A highly anticipated proposal requiring drug and medical-device companies to disclose their often-controversial consulting agreements with doctors is now part of health care legislation unveiled before the Senate Finance Committee on Wednesday.
The provision is tucked within an $856 billion health care overhaul that was introduced Wednesday by Sen. Max Baucus, D-Mont., the committee's chairman.
Introduced in 2007 by Sens. Charles Grassley, R-Iowa, and Herb Kohl, D-Wis., the Physician Payments Sunshine Act initially languished, but it gained key support from the medical technology industry.
Because Minnesota is a hotbed of medical technology companies, including industry giant Medtronic Inc., St. Jude Medical Inc., Boston Scientific Corp. and hundreds of smaller companies, the proposed law has been closely watched here.
The version in the Baucus legislation calls for drug and medical device companies to file annual reports showing payments to doctors for services such as marketing, education and research beginning March 31, 2012. The information would be available to the public on the Internet.
Companies failing to report could incur financial penalties up to $1 million.
For more than two years, Kohl and Grassley have been investigating the financial relationships between doctors and industry. Med-tech companies argue that the relationships help make devices safer and more effective. Critics say they may taint doctors' treatment decisions.
Some of this information is already available. In January, Park Nicollet Health Systems became the second health care system in the nation to post its doctor relationships on its website. And Fridley-based Medtronic Inc. will begin posting its payments to doctors next year.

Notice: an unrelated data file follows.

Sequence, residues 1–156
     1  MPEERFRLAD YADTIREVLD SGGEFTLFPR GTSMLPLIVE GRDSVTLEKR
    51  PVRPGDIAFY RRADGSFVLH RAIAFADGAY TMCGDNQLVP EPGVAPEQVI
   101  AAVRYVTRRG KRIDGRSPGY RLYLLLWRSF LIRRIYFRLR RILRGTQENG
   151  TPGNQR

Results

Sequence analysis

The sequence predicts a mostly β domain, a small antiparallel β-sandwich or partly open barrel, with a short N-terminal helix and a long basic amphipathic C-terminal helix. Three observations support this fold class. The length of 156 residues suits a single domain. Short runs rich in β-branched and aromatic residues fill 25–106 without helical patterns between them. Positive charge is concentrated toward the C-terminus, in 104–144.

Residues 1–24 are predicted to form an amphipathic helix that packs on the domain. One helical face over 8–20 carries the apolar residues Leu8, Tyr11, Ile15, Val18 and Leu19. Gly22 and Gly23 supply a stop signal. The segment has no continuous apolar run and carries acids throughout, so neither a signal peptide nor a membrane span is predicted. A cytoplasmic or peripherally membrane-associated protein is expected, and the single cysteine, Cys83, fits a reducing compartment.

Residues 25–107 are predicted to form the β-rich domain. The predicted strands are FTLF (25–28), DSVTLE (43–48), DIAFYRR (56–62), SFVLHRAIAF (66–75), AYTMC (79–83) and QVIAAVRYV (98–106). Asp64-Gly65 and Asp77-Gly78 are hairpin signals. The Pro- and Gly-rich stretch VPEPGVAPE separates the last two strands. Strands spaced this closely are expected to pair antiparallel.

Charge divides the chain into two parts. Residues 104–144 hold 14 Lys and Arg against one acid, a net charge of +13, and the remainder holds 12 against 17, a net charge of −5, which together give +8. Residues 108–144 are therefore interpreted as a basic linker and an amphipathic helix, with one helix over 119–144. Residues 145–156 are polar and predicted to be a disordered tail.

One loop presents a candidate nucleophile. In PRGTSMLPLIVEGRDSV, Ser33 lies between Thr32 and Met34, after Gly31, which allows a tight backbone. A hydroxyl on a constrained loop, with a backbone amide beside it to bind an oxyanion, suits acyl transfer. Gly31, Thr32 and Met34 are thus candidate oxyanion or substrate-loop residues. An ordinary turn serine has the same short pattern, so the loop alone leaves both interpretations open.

The Baucus law generally preempts state laws calling for similar disclosure. Currently, a half-dozen states, including Minnesota, require drug companies to divulge payments to doctors.
Meanwhile, a $4 billion tax on medical device makers to help fund health care reform, also part of the Baucus legislation, has drawn opposition from additional Minnesota lawmakers.
In a letter to Baucus dated Wednesday, Reps. Erik Paulsen and Michele Bachmann, both Republicans, and Betty McCollum, a Democrat, said medical technology is "an industry where growth should be incentivized, not taxed."
While health care reform "is needed and must be paid for, the proposed tax would slow medical innovation, increase costs for consumers and harm job growth," they wrote.
Earlier this week, U.S. Sens. Amy Klobuchar and Al Franken wrote Baucus a letter expressing similar concerns. On Tuesday, the two Democrats formally expressed their opposition to the annual tax. Gov. Tim Pawlenty also wrote a letter this week to the senators urging them to oppose the tax.
Janet Moore • 612-673-7752